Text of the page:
With the launch of VMware's Workstation 5, the company has focused on the needs of independent software vendors (ISVs). ISVs need multiple images for cross-platform testing, and also the ability to take a snapshot at a particular point in the development process, so that if a new piece of code proves not to be the right way forward, they can backtrack.

One user, Dave Parsons, software development manager for 110-strong ALG Software, explained how his company has been using the product since the early beta days.

He added that ALG has also been instrumental in helping VMware decide what to put into the product. "They've taken a lot of our suggestions for this product" said Parsons.

Parsons said that ALG had been using VMware extensively for QA and development. "Its always been a good product and been part of our day-to-day environment," he said.

Version 5 makes our lives easier though," said Parsons.

He talked about the first of the three key features that VMware has introduced into with version 5, multiple snapshots, which allow users to take multiple point-in-time snapshots of running virtual machines and revert back to any snapshot with the click of a button.

"Multiple snapshots means we can work on something and go back to a particular point in time using multiple snapshots, to work through the code or configuration. That's why it's extremely useful for us," said Parsons.

"Yesterday, I was setting up a Linux server for testing. I had to load several different packages and I took a snapshot after installing each package -- Apache, MySQL and so on -- so I could go back if the setup was wrong. It gives you greater granularity because it doesn't commit everything as the previous version did. Instead, you can branch them and revert to previous versions."

Parsons gave a second example. "There was an internal Web server I set up. I wanted to check two different versions of PHP, versions four and five. It meant I could decide which I wanted to use without destroying the other. And when developing and testing, for instance with Oracle, we can apply a patch using a branched snapshot without having to set up two separate virtual machines."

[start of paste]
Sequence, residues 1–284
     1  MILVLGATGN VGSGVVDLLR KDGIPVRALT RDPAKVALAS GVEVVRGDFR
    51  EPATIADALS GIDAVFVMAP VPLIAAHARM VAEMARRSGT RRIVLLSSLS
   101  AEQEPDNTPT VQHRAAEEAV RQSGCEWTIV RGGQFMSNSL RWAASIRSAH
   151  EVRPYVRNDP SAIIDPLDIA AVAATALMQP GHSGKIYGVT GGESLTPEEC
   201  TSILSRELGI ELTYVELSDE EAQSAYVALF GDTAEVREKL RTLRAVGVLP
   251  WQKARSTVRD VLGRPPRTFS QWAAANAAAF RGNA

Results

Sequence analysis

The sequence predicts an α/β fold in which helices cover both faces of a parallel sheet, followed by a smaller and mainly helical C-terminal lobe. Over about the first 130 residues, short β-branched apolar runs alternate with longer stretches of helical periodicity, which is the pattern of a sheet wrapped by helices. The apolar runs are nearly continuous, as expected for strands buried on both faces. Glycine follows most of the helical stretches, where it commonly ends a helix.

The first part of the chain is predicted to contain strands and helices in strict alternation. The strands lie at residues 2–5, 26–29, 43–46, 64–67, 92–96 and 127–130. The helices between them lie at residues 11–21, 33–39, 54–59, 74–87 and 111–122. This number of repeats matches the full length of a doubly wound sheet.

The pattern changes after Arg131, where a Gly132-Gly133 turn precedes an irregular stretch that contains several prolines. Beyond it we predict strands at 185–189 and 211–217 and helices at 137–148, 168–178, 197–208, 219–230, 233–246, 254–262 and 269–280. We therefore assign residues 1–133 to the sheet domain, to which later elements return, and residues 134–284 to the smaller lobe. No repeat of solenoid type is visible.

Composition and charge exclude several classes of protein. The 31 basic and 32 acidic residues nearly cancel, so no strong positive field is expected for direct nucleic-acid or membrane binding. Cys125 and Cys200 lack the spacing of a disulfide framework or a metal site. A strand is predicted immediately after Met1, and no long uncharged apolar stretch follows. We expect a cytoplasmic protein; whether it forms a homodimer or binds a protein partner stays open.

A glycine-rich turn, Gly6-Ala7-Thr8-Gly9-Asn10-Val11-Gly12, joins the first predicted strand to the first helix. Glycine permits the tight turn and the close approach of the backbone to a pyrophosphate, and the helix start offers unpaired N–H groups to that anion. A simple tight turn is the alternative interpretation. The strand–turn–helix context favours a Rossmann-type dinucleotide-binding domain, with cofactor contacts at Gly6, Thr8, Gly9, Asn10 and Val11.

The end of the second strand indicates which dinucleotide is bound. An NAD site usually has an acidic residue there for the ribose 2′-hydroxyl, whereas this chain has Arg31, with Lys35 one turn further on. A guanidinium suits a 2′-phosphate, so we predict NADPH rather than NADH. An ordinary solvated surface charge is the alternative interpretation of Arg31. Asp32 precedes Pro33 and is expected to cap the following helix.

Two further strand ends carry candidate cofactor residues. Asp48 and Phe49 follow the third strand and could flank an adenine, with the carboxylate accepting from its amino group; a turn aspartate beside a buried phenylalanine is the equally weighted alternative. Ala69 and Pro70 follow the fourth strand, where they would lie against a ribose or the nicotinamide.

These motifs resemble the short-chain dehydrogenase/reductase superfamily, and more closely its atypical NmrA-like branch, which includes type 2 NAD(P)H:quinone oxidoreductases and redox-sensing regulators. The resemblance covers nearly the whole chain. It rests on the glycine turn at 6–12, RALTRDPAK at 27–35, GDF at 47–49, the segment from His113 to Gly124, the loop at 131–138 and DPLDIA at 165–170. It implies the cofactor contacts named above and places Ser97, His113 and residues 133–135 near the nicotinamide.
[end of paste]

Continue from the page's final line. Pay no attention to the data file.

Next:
Parson said that VMware Workstation 5 could be useful outside development environments too. "Our IT team want to use it to do things such as sorting out a problem with the Exchange server. They could replicate an issue in a VM, and if that wasn't the problem, they could roll back and try something else."

A second new feature is linked clones. "This works with snapshots nicely," said Parsons. "I have a base image for installing our software -- three linked clones -- one in production and two in development, all looking into the one base image.

"This saves a lot of disk space -- about 2GB per image and per software version. Now this means we can keep a base image and put incremental versions of our software on it -- 2.02 then 2.03, for instance -- without destroying the common base image. Disk space may be cheap but this makes maintenance easier."

"Backups are easier because of the VM image size savings. One thing we haven't tried yet is to link to a network share as a base image, though I believe that's possible. We'd look to create a base image for each OS and allow the team to develop software on top of that. It simplifies management too as you can freeze a single image and don't have to push it around the network."

Parsons added that, "You can create linked images on top of linked images, which saves a lot of disk space. All mine used to add up to 100GB and I can rationalise them down to something a lot more manageable and portable."

Also key for Parsons is the new team system, which allows users to connect multiple virtual machines with configurable network segments to simulate and test issues such as network bandwidth and packet loss rate.

"While we do have real machines set up," said Parsons, "QA testing is about functionality, so our developers may have three or four machines set up as clients, a Web server and database server, all replicating a real world scenario. The team feature means they can then plug things in and out to replicate that. It gives us multiple options to recreate situations that our customers face."

"We've also used VLAN segments which mean we can test using bandwidth throttling. We did that to emulate different types of network such as an E1 or ISDN, and that allows us to do network performance monitoring. I was able to plot graphs that allowed me to see what would happen in real life.

"It was a simpler way to do that rather than have four machines with a network analyser sitting in a room. You still need do that of course, but this allows you to do it off-site, wherever you are on a single machine. It also gives us flexibility to try things out so that if the kit we need to do real world testing is in use elsewhere."

Parsons ranked the new features in terms of their usefulness starting with multiple snapshots, then linked clones followed by teams. "I can see that there is overlap but they work well together," said Parsons.

And he still had suggestions for the next version including an additional module that allows you to create a VMware ACE package. We also want to see support for Windows clusters -- we've done it but it's not officially supported. And they need to catch-up with things like supporting latest version of Linux and Solaris 10. It's becoming more important to us because we're doing more cross-platform work."